French 307 Spring 2014 Prof. Richard Watts MW 9:30-11:20 Course conducted in French
By the mid-19th Century, France’s colonial empire spanned the four corners of the earth. Today, all that remains are a few islands here and there. Still, strong traces of that history--including in the language--can be found in Africa, the Americas, Southeast Asia, and elsewhere today. We will consider many types of texts – primarily “creative” texts such as novels, poems, and films, but also legal documents, essays, advertizing, a “rapped” news program, etc. – in French in order to answer the following broad questions: How are these texts bearers of that history? What are the consequences of expressing oneself in the language of the (former) colonizer as opposed to producing texts in one’s native or “vernacular” language? To what extent does France remain a key referent in the francophone world (at a time when, for instance, China's role in Africa is becoming preponderant)? And how has France itself changed in light of that history?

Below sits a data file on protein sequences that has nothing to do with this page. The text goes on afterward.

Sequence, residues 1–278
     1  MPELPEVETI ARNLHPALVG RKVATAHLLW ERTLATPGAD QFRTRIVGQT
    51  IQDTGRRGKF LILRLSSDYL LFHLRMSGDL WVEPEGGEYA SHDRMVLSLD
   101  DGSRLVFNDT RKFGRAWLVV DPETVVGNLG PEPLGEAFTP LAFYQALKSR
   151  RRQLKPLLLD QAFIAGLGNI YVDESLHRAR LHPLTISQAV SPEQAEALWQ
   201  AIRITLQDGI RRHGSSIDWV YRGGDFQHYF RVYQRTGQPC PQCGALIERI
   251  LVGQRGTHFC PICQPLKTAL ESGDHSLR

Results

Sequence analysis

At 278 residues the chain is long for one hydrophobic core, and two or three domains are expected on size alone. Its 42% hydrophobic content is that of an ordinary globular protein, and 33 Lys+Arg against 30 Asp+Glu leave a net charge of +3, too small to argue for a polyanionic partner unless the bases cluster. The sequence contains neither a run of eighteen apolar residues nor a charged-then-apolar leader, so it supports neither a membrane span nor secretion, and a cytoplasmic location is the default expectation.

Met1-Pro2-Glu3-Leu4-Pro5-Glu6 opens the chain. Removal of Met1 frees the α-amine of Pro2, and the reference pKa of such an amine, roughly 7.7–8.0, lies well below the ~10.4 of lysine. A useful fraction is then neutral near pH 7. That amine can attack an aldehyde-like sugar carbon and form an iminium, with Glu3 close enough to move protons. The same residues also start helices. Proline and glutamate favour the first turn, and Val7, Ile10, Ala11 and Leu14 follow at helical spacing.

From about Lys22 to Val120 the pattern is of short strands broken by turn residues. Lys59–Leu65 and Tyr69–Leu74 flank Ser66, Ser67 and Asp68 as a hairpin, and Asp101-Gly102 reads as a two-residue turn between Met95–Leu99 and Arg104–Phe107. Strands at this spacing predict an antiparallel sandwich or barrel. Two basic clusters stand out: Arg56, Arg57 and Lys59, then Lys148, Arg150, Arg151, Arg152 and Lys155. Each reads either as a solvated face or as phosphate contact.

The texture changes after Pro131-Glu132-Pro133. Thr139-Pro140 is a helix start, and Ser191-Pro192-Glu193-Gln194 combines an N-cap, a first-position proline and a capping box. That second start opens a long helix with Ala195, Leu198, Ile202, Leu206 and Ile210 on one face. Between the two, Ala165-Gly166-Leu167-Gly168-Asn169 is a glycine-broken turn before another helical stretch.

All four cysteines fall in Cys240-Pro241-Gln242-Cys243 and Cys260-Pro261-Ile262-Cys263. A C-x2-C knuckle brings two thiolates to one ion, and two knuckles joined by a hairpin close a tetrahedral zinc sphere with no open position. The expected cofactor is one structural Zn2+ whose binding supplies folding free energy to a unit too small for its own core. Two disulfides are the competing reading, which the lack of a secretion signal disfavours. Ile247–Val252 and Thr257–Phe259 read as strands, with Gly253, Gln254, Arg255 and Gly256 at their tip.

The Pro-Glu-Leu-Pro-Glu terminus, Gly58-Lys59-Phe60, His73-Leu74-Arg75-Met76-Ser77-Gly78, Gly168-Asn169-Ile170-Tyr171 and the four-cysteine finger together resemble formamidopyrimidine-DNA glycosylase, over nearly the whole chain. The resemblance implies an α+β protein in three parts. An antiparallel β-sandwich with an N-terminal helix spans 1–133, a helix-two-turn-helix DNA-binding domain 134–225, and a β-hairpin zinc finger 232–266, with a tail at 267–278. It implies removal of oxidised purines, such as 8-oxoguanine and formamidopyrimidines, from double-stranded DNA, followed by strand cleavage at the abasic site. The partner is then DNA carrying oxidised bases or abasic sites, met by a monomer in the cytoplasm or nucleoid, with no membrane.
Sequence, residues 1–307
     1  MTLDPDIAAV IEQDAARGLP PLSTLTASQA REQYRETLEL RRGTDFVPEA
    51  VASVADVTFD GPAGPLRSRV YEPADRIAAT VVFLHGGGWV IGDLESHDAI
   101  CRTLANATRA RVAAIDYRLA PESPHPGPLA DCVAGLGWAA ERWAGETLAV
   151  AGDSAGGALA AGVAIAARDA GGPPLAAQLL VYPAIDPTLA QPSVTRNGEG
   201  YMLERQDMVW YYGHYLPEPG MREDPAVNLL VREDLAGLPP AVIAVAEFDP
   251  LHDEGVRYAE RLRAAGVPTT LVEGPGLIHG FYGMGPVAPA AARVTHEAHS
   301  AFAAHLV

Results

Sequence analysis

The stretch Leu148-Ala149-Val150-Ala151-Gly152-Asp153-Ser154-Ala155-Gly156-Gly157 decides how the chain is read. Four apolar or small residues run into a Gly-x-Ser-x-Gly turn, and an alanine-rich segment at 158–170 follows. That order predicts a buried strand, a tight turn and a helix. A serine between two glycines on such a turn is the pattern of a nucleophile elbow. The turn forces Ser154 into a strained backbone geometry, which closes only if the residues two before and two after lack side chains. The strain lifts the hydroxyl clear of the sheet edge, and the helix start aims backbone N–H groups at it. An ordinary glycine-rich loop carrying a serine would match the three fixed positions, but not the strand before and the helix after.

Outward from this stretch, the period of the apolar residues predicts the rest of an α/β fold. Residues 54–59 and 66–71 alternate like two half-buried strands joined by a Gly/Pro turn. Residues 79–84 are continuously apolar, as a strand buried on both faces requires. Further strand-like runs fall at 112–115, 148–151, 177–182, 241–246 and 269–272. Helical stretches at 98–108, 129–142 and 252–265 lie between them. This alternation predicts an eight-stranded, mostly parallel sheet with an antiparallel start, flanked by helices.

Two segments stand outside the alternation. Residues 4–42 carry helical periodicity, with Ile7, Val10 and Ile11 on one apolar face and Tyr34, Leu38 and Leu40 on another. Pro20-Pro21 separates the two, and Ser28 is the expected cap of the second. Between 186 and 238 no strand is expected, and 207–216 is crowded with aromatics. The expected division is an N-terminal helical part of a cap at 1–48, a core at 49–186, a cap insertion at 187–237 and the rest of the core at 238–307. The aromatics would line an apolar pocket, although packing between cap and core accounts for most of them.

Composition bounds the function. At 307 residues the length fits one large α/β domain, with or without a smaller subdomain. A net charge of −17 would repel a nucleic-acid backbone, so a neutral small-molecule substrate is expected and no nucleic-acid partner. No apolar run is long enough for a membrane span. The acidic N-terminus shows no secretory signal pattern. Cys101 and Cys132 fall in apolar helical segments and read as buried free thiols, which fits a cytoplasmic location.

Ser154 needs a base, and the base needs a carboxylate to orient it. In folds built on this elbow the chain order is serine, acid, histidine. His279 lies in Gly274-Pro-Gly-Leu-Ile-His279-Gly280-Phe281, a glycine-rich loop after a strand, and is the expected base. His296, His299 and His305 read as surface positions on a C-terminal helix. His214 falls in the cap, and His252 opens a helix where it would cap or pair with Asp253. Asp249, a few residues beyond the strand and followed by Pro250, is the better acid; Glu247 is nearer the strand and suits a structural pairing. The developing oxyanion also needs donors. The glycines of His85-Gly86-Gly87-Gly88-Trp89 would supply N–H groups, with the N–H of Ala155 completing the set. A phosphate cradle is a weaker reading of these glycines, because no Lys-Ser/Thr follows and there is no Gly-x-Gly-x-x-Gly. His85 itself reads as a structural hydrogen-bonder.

Survey of contemporary Francophone (post) colonial literatures and cultures. Prerequisite: FRENCH 303, which may be taken concurrently.